Born: 204. Died: 270.
- The soul is more important and real than the body or any other material object.
- In its pure state, the World-Soul is the same as the Intellect (or Mind).
- The Intellect is a system of Platonic ideas that exists simultaneously in all individual souls.
- Above the Intellect is the One, the absolute unity from which all things come.
- The One is beyond being and is indescribable.
- The three principal levels of reality, in descending order, are the One, the Intellect, and the Soul.
- The goal of human life is to return to the One through developing a good moral character, cultivating reason, and experiencing, a mystical unity in which body, soul and intellect are left behind.
Plotinus, born in Lykopolis, Egypt.
In his late twenties, Plotinus began to study in Alexandria with Ammonius Saccas, a shadowy figure who was also the teacher of the theologian Origen.
After eleven years with Ammonius, Plotinus joined an expedition to Persia to learn Persian and Indian wisdom. The trek proved unsuccessful and Plotinus moved to Rome. There he established a school of philosophy and a friendship with the emperor Gallenius.
At one point he sought permission to found a city based on Plato's Republic, but the plan came to naught. He stayed in Rome, teaching and writing, until the death of the emperor in 268. He then moved to the home of a friend where he died in 270, apparently from leprosy.
- "All things and events are foreshown and brought into being by causes; but the causation is of two Kinds; there are results originating from the Soul and results due to ... the environment." (from "The Enneads")
- "Beauty addresses itself chiefly to sight; but there is a beauty for the hearing too, as in certain combinations of words and in all kinds of music, for melodies and cadences are beautiful; and minds that lift themselves above the realm of sense to a higher order are aware of beauty in the -conduct of life, in actions, in character, in the pursuits of the intellect; and there is the beauty of the virtues." (from "The Enneads")
- "Evil by definition is a falling short in good." (from "The Enneads")
- "Flight of the alone to the Alone." (from "The Enneads")
- "The harvest comes home not for praying but for tilling." (from "The Enneads")
- "The man is changed, no longer himself nor self-belonging; he is merged with the Supreme, sunken into it, one with it: center coincides with center, for on this higher plane things that touch at all are one." (from "The Enneads")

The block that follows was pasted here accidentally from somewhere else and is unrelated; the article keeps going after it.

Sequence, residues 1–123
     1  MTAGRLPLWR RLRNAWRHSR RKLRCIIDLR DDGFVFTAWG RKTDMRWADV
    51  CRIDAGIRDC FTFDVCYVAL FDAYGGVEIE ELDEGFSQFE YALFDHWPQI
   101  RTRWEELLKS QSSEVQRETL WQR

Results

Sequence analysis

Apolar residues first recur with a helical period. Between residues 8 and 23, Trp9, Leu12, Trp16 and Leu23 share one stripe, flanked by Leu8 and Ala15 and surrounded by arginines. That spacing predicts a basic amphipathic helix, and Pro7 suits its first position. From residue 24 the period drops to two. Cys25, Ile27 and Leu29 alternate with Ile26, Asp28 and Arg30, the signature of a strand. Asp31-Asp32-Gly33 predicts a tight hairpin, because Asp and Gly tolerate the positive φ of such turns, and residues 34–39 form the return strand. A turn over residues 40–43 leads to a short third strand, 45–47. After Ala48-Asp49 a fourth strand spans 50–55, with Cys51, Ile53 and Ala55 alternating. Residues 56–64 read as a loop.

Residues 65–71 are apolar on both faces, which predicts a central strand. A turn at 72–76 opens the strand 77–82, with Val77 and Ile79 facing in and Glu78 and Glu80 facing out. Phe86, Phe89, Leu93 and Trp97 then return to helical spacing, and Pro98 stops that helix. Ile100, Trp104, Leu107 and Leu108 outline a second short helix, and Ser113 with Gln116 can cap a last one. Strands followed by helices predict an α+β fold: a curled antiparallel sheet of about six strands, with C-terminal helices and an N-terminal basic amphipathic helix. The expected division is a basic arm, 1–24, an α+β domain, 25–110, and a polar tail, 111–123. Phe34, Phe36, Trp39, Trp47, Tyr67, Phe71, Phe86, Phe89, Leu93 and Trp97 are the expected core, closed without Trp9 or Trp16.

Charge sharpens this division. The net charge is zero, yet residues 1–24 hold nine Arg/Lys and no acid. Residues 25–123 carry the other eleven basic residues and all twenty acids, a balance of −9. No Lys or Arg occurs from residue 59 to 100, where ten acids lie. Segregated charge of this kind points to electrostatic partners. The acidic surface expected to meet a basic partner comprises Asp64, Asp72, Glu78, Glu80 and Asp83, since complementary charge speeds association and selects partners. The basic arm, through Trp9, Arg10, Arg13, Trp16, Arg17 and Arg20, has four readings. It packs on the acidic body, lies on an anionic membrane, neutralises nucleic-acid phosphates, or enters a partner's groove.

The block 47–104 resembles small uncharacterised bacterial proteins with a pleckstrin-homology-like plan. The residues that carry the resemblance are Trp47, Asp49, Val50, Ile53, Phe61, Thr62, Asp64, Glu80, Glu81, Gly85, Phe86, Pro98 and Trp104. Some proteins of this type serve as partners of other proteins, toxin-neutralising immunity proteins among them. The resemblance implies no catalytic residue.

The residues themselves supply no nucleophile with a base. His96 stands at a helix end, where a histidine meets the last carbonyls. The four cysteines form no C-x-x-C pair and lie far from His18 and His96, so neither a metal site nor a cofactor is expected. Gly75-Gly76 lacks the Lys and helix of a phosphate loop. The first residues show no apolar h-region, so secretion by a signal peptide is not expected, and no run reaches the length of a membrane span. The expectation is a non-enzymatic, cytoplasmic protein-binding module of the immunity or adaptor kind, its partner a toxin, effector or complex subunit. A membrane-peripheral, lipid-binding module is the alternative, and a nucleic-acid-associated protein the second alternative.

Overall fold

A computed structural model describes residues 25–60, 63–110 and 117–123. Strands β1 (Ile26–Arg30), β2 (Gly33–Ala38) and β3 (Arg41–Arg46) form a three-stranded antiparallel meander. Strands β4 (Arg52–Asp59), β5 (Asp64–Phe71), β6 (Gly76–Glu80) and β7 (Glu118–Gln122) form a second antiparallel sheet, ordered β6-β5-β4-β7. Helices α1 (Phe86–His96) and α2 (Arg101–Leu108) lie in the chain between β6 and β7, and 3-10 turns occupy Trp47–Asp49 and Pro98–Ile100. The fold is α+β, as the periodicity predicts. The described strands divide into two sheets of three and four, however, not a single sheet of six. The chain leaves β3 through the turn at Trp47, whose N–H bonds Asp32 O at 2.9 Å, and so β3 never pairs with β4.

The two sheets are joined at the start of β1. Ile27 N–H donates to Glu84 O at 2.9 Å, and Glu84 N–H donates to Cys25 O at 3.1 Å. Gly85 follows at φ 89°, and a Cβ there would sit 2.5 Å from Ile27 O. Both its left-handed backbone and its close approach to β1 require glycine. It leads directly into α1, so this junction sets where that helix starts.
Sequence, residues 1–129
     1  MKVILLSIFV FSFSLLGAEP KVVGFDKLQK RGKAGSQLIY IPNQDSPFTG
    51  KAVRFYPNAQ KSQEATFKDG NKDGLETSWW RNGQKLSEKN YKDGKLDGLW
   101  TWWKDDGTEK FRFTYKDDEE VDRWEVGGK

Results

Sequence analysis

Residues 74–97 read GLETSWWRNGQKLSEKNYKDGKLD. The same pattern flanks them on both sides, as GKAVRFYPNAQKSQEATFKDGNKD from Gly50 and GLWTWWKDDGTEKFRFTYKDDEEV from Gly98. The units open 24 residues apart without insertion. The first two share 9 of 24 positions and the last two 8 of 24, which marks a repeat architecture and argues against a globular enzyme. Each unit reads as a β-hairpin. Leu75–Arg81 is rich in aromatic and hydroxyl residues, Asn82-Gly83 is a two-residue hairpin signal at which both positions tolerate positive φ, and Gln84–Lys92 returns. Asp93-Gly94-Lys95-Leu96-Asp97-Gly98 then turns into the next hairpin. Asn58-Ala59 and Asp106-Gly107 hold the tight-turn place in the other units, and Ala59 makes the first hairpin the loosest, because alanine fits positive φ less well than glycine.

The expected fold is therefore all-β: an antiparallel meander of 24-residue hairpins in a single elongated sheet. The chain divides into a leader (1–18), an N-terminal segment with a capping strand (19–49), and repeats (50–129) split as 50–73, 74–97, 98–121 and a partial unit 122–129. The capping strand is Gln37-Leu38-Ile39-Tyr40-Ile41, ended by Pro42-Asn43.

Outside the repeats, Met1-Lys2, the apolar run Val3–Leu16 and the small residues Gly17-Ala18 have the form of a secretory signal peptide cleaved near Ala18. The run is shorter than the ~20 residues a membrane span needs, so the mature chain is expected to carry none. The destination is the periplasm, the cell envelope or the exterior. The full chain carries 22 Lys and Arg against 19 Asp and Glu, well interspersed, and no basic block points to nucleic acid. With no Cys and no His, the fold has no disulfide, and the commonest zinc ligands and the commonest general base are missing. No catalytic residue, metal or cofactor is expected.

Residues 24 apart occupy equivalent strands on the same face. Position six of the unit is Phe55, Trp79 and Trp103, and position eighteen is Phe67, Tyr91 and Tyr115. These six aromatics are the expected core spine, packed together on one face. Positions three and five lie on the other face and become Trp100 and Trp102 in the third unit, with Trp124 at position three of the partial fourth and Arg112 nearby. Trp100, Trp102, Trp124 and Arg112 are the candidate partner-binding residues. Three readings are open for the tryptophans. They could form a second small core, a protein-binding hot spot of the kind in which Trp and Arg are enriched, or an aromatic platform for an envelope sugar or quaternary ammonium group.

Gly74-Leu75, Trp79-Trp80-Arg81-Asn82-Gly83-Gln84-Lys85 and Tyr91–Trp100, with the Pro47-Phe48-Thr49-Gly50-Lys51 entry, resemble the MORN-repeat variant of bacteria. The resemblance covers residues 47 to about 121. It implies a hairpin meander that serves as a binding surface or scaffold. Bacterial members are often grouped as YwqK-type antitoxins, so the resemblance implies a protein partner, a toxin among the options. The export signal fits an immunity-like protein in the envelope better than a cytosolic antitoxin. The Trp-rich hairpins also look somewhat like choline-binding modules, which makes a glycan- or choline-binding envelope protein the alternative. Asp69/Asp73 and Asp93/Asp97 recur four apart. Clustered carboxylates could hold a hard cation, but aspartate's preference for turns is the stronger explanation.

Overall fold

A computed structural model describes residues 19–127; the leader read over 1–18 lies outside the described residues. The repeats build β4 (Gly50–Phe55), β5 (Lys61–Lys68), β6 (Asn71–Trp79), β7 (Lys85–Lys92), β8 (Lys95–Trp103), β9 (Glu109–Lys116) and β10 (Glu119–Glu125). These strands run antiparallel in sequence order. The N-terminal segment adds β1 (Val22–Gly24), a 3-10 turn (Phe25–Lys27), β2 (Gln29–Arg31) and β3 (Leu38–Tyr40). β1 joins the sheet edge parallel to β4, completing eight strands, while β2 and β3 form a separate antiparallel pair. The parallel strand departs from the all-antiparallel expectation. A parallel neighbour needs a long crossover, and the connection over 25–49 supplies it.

- "To deny Evil a place among realities is necessarily to do away with the Good as well." (from "The Enneads")
- "To model ourselves upon good men is to produce an image of an image: we have to fix our gaze above the image and attain Likeness to the Supreme Exemplar." (from "The Enneads")
- "To the possession of the self the way is inward." (from "The Enneads")
- "We ought not to question whence; there is no whence, no coming or going in place; now it is seen and now not seen. We must not run after it, but fit ourselves for the vision and then wait tranquilly for its appearance, as the eye waits on the rising of the sun, which in its own time appears above the horizon-out of the ocean, as the poets say-and gives itself to our sight." (from "The Enneads")
- "We, undisciplined in discernment of the inward, knowing nothing of it, run after the outer, never understanding that it is the inner which stirs us; we are [like] one who sees his own reflection but not realizing whence it comes goes in pursuit of it." (from "The Enneads")
- "What can there be higher than that which is its own master?" (from "The Enneads")
- "Withdraw into yourself and look. And if you do not find yourself beautiful yet, act as does the creator of a statue that is to be made beautiful: he cuts away here, he smoothes there, he makes this line lighter, this other purer, until a lovely face has grown upon his work. So do you also: cut away all that is excessive, straighten all that is crooked, bring light to all that is overcast, labor to make all one glow of beauty and never cease chiseling your statue, until there shall shine out on you from it the godlike splendor of virtue, until you shall see the perfect goodness surely established in the stainless shrine." (from "The Enneads")